Through the balance of 2019, in closing circle after closing circle, I listened to participants share their dance floor experiences: deep meditation, break through insights, personal transformation.  Variations on all the revelatory truths I had occasionally shared and witnessed in others for twenty years. I intimately knew the territory since my own practice of corralling attention to body, breath, mind often (not always!) yielded juicy personal insight or deep drops into the mystery.

I silently listened during most of these 2019 closing circles.  At the end of each practice I was empty in a way I had never felt before.  Week after week I was dancing two hours of unadulterated joy in motion.  My whole body grinning.  Extreme pleasure was the summation of my experience.  Each and every precious time.  I did not know how precious, even during the last dance at Clara March 11, 2020.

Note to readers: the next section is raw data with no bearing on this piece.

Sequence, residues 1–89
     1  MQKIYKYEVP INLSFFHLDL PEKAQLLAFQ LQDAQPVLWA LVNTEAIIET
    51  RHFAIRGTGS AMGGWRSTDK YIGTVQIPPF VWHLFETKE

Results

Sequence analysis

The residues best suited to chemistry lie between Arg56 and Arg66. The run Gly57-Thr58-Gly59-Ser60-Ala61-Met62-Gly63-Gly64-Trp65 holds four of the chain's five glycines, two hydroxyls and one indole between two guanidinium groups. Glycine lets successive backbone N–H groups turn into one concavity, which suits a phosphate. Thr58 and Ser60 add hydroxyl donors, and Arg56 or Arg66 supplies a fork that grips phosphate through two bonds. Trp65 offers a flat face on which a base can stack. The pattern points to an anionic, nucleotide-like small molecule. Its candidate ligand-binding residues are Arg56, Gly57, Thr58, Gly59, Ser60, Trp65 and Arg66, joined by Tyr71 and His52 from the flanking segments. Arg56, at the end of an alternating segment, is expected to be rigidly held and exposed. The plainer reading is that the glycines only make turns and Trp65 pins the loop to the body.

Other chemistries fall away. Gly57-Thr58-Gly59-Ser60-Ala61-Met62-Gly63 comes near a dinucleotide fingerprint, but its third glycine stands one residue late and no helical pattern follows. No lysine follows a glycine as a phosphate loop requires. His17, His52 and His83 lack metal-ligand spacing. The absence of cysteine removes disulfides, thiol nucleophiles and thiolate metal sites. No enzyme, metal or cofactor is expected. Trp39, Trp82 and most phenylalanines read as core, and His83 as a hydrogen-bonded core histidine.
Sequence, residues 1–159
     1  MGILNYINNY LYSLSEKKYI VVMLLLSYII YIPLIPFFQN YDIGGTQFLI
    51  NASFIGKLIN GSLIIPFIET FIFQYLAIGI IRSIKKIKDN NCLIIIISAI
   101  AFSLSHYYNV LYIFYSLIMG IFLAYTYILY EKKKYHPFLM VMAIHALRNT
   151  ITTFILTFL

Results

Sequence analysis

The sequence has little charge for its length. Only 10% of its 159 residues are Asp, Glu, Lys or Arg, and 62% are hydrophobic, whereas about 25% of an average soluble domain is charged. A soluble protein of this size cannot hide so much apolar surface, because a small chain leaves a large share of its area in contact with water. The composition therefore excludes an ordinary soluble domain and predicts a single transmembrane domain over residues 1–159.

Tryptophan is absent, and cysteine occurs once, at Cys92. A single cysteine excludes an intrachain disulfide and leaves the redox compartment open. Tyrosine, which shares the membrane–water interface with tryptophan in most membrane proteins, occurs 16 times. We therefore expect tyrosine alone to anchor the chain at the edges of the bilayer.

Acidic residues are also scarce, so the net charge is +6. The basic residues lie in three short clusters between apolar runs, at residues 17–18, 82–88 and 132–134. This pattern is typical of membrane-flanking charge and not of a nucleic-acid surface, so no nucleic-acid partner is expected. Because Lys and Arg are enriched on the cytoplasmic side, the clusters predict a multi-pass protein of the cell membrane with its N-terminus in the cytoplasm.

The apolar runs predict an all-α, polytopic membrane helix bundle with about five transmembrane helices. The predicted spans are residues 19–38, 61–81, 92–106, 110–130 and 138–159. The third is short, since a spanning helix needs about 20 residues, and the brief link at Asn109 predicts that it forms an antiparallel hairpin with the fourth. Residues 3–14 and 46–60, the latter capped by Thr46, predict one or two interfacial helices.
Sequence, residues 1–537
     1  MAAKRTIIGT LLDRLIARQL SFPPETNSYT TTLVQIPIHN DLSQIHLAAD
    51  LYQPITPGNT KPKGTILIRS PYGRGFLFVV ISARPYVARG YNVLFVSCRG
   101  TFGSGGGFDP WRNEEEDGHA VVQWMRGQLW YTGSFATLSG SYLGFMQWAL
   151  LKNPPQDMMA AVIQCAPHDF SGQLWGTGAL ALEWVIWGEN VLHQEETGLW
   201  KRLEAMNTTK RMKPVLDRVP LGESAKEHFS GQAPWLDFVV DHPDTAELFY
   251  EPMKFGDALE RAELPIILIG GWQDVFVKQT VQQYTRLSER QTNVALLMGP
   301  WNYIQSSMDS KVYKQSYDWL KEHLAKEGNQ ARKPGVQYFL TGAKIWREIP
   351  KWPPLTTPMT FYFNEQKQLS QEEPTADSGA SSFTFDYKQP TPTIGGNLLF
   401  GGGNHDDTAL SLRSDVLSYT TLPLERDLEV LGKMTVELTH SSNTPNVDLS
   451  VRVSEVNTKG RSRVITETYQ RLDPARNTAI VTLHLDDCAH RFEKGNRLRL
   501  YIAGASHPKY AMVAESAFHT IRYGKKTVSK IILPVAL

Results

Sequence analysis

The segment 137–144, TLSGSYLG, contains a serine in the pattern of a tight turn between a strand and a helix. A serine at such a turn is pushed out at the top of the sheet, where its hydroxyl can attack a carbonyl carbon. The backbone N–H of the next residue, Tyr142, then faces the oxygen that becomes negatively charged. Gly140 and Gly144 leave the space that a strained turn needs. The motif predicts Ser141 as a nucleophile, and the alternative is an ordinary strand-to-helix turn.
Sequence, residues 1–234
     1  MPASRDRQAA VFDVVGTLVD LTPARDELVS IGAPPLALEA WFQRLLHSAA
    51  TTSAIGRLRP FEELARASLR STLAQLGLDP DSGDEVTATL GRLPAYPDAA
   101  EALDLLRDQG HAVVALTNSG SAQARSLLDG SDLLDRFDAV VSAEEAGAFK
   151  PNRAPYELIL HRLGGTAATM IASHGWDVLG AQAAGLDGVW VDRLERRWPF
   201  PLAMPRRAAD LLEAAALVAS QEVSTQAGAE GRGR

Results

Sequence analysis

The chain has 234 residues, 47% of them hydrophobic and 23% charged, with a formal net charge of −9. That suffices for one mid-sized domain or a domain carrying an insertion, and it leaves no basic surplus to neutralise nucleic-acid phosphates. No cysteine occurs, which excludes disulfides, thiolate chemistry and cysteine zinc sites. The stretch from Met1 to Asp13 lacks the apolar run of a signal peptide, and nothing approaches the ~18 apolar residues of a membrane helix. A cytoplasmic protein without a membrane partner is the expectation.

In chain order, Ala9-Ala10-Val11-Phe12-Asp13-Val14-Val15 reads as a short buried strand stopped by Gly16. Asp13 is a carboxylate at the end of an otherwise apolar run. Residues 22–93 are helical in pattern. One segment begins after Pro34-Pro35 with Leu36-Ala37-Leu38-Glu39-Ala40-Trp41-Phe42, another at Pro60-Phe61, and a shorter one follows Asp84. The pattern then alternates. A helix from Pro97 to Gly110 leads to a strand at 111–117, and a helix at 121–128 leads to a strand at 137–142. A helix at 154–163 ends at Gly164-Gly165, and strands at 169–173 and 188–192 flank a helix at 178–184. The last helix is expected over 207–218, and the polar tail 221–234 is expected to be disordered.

The events of 2020 completely wiped out that barely born experience that was revived Thursday.  Pleasure, foreign yet familiar, felt like it was missing in action, like a long lost friend.  I began to suspect I was not alone in this rusty relationship.  That the events of this long year have placed pleasure on our collective back burner.  On Sunday I invited us to feel how easy it is to be flesh and bone, the simple miracle of an arm winging through space, moving with the space around us as if it were a lover.  Music that allowed the beat to have it’s way with us, a beat we could feel deep and close to our bodies.  The pleasure of release, the savor of surrender.   From the group field response, I gauged I was not alone in this longing.

And so, dear reader, an inquiry.  Your own investigation.  So what’s your  pleasure?  Is it on the back burner?  What would it take to bring it to the front burner for a bit? So curious about us.  What has gone dormant during this collective trauma?  How can the classes I offer be in service to explore, to nourish, to awaken?